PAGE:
Okay, let’s get the film’s laughable laundry list of improbabilities out of the way first and foremost.  The whole concept of Schwarzenegger playing a small town sheriff aside, Cortez’s plan alone warrants an eye-rolling fit of incredulity: His men build a bridge – no, really! – that traverses over a small, but oh-so-convenient gulf between the two borders in broad daylight without the FBI or any other state officials being aware of its existence.  Also – and speaking of convenient - consider the character played by Johnny Knoxville, the town’s local resident screw-up and nutjob that runs a bi-weekly museum that houses old weapons that you just know will find their way into the desperate heroes' hands later on.  Also, the notion of a tough as nails, but older than dirt, sheriff and a few modestly armed deputies defending their town from the limitless, military-grade firepower of Cortez’s men seems idiotically unrealistic at its core.  Oh, but wait, there's a semi-disgraced war veteran being held up in the sheriff's jail!  Hmmmm...I wonder if he'll prove to be useful to Ray's needs?

Yet, THE LAST STAND makes up for its more head-scratching lapses in logic and narrative foibles – the first act takes an awfully long time to get into the thick of things - by unapologetically delivering in a final climatic battle that’s an audience-placating spectacle of artery-spewing and bone crunching carnage.  The film’s an interesting hodgepodge – a contemporary Western (ala RIO BRAVO and HIGH NOON) that morphs with car chase exploitation flicks (ala VANISHING POINT) that stars an Austrian, several Spanish people, an African American, and is directed by a South Korean, Jee-woon Kim, making his American debut.   Kim has a rather inventive eye when it comes to the mayhem, as is the case with its multiple highway car chase sequences, not to mention a highly clever and unique sequence that involves both hero and villain in muscle cars careening through a local cornfield.  Then there’s a final encounter on the aforementioned bridge that not-so-subtly, but enjoyably, echoes Western film standoff motifs.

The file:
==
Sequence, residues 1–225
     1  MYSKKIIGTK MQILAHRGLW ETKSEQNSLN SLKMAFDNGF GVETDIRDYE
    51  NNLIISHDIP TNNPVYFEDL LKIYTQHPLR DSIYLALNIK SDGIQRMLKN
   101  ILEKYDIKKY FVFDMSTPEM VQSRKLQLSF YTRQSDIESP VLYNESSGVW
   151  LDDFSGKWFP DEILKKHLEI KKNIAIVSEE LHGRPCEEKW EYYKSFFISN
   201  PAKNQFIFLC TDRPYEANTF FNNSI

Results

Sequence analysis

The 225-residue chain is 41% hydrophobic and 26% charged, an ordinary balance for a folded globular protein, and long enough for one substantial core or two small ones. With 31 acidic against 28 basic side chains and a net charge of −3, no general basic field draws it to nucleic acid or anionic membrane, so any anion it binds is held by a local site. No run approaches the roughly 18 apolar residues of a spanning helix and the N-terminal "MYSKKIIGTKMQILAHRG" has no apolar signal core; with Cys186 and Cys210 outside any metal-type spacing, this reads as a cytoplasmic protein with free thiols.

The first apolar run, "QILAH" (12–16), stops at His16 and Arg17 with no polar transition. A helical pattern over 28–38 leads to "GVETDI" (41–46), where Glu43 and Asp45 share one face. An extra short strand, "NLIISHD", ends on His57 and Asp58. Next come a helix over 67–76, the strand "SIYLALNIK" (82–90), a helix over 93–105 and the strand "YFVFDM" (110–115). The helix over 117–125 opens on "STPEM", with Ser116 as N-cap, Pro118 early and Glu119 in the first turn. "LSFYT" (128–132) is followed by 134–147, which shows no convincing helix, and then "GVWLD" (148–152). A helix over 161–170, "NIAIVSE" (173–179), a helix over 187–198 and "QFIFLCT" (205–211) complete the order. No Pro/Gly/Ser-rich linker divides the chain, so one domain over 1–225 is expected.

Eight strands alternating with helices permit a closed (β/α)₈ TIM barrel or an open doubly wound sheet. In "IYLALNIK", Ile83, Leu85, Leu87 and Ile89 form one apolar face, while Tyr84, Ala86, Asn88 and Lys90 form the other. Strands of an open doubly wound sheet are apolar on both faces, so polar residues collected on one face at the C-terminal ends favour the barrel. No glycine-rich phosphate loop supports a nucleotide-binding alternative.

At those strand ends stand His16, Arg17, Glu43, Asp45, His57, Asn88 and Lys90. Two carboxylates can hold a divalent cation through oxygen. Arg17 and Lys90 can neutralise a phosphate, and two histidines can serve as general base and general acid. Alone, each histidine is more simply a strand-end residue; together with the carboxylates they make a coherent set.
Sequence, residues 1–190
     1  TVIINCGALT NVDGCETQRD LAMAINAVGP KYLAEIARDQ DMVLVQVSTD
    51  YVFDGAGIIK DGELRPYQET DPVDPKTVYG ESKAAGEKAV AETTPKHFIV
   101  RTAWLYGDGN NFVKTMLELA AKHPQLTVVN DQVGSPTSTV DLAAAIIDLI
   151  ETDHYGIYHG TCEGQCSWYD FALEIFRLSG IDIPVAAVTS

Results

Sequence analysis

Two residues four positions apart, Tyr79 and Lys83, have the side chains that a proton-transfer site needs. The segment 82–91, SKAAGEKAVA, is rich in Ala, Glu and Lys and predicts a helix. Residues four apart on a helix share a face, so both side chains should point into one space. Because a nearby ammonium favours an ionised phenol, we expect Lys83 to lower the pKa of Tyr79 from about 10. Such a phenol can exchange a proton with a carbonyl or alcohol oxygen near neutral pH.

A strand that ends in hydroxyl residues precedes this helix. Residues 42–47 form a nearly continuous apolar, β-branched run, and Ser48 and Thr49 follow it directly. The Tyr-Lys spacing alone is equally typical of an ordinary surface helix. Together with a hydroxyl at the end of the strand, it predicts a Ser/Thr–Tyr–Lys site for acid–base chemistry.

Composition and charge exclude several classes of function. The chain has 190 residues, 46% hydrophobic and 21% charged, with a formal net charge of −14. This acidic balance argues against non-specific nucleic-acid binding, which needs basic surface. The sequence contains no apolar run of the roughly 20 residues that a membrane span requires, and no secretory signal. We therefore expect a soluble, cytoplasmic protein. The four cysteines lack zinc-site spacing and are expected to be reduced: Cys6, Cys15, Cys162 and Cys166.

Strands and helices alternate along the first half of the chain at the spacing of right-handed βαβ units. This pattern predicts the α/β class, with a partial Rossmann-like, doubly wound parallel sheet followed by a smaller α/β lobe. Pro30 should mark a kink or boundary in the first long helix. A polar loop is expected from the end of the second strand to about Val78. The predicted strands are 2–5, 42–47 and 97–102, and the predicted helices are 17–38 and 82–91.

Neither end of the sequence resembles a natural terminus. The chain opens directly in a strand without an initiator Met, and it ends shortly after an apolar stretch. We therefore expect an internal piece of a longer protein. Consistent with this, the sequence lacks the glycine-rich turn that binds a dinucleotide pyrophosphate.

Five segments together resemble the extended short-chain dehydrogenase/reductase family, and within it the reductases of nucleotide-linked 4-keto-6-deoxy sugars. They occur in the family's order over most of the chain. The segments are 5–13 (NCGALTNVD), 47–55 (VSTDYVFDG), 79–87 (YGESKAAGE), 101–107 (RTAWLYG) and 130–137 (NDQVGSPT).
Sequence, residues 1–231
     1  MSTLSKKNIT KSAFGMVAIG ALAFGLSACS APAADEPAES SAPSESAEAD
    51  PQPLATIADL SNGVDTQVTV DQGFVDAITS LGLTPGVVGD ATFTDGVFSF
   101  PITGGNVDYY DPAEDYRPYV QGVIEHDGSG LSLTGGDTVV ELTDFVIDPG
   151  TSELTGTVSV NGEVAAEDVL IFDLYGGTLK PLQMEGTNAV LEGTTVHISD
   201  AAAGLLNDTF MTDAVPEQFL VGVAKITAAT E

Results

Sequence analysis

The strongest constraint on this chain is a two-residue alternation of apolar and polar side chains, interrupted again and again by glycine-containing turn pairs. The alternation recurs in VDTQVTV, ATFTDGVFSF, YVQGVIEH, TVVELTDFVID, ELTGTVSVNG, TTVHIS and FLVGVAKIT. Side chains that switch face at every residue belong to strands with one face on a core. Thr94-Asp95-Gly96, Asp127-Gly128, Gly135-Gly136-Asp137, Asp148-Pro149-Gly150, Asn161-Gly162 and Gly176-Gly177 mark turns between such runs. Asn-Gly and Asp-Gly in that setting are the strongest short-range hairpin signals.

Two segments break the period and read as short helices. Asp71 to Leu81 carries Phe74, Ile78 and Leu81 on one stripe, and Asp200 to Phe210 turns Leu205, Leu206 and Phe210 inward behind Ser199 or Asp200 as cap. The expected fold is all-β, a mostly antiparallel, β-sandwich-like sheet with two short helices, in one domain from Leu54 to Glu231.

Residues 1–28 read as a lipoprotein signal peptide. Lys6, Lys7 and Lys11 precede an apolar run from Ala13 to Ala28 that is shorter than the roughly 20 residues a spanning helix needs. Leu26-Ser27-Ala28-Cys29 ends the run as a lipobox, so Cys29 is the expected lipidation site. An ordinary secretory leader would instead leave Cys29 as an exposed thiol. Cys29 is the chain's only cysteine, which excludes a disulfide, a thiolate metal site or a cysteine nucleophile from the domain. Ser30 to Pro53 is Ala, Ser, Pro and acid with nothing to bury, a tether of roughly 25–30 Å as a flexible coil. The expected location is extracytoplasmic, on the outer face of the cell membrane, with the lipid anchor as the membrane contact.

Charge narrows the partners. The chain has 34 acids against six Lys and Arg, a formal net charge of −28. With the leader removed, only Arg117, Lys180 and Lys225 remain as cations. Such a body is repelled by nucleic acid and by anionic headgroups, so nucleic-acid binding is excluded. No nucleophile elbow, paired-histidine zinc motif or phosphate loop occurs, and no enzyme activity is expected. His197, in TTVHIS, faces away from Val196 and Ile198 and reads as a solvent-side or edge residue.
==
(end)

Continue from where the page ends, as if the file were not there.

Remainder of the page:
And, yup, at the center of it all is the Schwarzenegger himself, who still makes mowing down countless adversaries with a school bus mounted mini-gatling gun as infectiously entertaining as ever, but he also gives his loyal audience a sense that he acknowledges that’s he’s old and in rougher-than-normal shape.  This Arnold is not an unstoppable one-man wrecking crew that easily dispatches his prey; he’s a bit more raspy and breathless after every encounter and takes more time getting up.  Yet, the quintessential Schwarzeneggerian one-lines are unleashed aplenty here, my favorites being – when facing Cortez – “You give us immigrants a bad name” or “Thanks for fucking up my day off.”  Nice. 

THE LAST STAND is as formulaic of an action film as they come.  It’s predictable, hits perfunctory story beats with the subtlety of a double-barrel gunshot blast, and offers up stilted and stereotypical small-town Americana gags like they're going out of style.  Yet, it’s all-knowingly and lovingly a hyper loud, hyper violent, and hyper dumb lowbrow auctioneer that that’s great straightforward fun while being agreeably disposable.  We get death-defying stunts, car chases, shoot-outs, fisticuffs, despicable villains, fearless heroes, and, of course, the visage of the still-formidable - albeit more grizzled, semi-balding, and slow moving - Schwarzenegger crushing through bad guys’ bones while his very own creak and crack.  THE LAST STAND is not truly indicative of the man that embodied THE TERMINATOR, CONAN, or COMMANDO of old…but the essence of Au-nald of yesteryear is most definitely…back.